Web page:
Written by Hannah Katz (University of Wisconsin- Madison), Student Correspondent CET Florence, Summer 2019
I’ve always thought I was one of those people who didn’t “get” art. I could appreciate it from a distance and admire the effort and time it took into the creation of a work but for me, I could never uncover a deeper meaning. An oil painting of a pond simply looked like a pond to me- I could never see anything deeper than the water or the flowers lining the sides. I understand that my previous vision of art has been quite close-minded. To me, art used to be what was found in the museums- framed portraits, intricate sculptures, the like. However, Florence has opened up my eyes and my mind to the vast world of art that exists and the importance of not closing yourself off and thinking that just because you don’t know about something doesn’t mean you can’t understand it and be personally impacted by it.
The biggest revelation that I’ve had about Florentine art, and art in general, is the appreciation of architecture and general building design as a true form of art. In the United States, we take for granted the ease of construction. Skyscrapers can be built in months, housing developments seem to crop up overnight, and so on. It takes visiting an old country (especially one around during classical art periods) to understand the undertaking of designing and constructing a truly breathtaking building. When you’re wandering around Florence and suddenly come face to face with the Duomo in all its glory, it’s impossible not to see building design as an art form. It’s not an exaggeration to say that the Duomo is the most beautiful thing I’ve ever seen. Not just building, but the most beautiful thing. The intricate designs and the green and pink color scheme coupled with beautifully done frescoes and seemingly impossible to make statues and architecture make for an otherworldly piece of art that is unbelievable.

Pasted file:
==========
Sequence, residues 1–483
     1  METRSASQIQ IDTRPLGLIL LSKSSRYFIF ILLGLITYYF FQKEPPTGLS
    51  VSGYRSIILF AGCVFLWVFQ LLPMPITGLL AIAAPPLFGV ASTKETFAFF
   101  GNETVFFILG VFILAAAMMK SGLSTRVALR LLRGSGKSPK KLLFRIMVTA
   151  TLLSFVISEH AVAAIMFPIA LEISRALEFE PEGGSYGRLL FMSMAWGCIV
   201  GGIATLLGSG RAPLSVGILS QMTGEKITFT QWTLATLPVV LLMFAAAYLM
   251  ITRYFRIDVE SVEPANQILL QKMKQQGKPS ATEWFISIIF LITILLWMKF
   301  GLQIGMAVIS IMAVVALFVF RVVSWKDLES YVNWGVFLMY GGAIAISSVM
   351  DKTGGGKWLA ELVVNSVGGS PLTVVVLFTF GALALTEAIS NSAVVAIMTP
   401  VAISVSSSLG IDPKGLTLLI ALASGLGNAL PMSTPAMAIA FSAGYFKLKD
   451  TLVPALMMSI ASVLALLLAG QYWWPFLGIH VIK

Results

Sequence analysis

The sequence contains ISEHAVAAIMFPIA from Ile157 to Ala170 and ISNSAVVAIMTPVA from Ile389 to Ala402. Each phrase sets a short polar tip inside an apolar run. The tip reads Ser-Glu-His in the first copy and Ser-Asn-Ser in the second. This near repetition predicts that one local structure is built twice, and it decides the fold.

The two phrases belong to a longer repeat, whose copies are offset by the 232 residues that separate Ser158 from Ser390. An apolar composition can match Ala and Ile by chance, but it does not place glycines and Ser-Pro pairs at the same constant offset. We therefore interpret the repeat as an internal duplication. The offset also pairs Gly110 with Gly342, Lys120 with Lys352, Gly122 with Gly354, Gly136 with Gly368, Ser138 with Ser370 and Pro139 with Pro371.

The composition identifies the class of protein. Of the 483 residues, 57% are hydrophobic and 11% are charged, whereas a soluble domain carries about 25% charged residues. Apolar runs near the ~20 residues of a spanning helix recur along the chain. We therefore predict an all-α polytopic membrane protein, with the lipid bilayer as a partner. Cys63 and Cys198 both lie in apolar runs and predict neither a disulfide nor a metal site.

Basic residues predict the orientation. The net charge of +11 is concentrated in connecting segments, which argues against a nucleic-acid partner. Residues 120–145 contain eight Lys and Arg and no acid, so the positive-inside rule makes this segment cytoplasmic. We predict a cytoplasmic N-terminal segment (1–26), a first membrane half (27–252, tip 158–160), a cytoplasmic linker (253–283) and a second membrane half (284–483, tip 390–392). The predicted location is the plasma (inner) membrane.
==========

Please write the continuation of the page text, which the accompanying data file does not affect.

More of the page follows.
In addition to the Duomo, there are gorgeous churches and piazzas hiding around every corner. It’s impossible not to see and love the gorgeous bridges stretching across the Arno, or the frescoes painted onto buildings in random alleyways. I say this all without even going to any of the galleries yet (though my tour of the Uffizi is booked for next week). To me, the beauty comes from the appreciation of the small. The pot of flowers perfectly situated on the windowsill or the particular shade of blue used in a fresco. It’s details like these that truly enhanced my appreciation of art.
I feel like as I’ve come to learn and appreciate art, I’ve simultaneously learned more about myself. For me, I’ve learned that I love color and vibrance in everything I see. To me, both in art and in live, liveliness means everything. To someone else, maybe they focus on structure or depth first. This was an important understand because, when it comes down to it, art is personal. That is the fundamental truth I’ve been missing all my life. Perhaps the aforementioned pond isn’t supposed to represent some deep mystery of the universe- maybe it was simply painted to make onlookers feel tranquil and at peace, which it did. After a lifetime of feeling like I was broken or incapable of understanding the deep complexities that come with art, all it took was the admiration of some incredible feats of art and architecture to make me understand what I had longed to get my whole life: art is for emotion, not logic. Sometimes a church is just a church, a building meant to be admired for years to come and to make any onlookers awestruck and completely optimistic in the moment. And in this realm, at least with me, it was successful.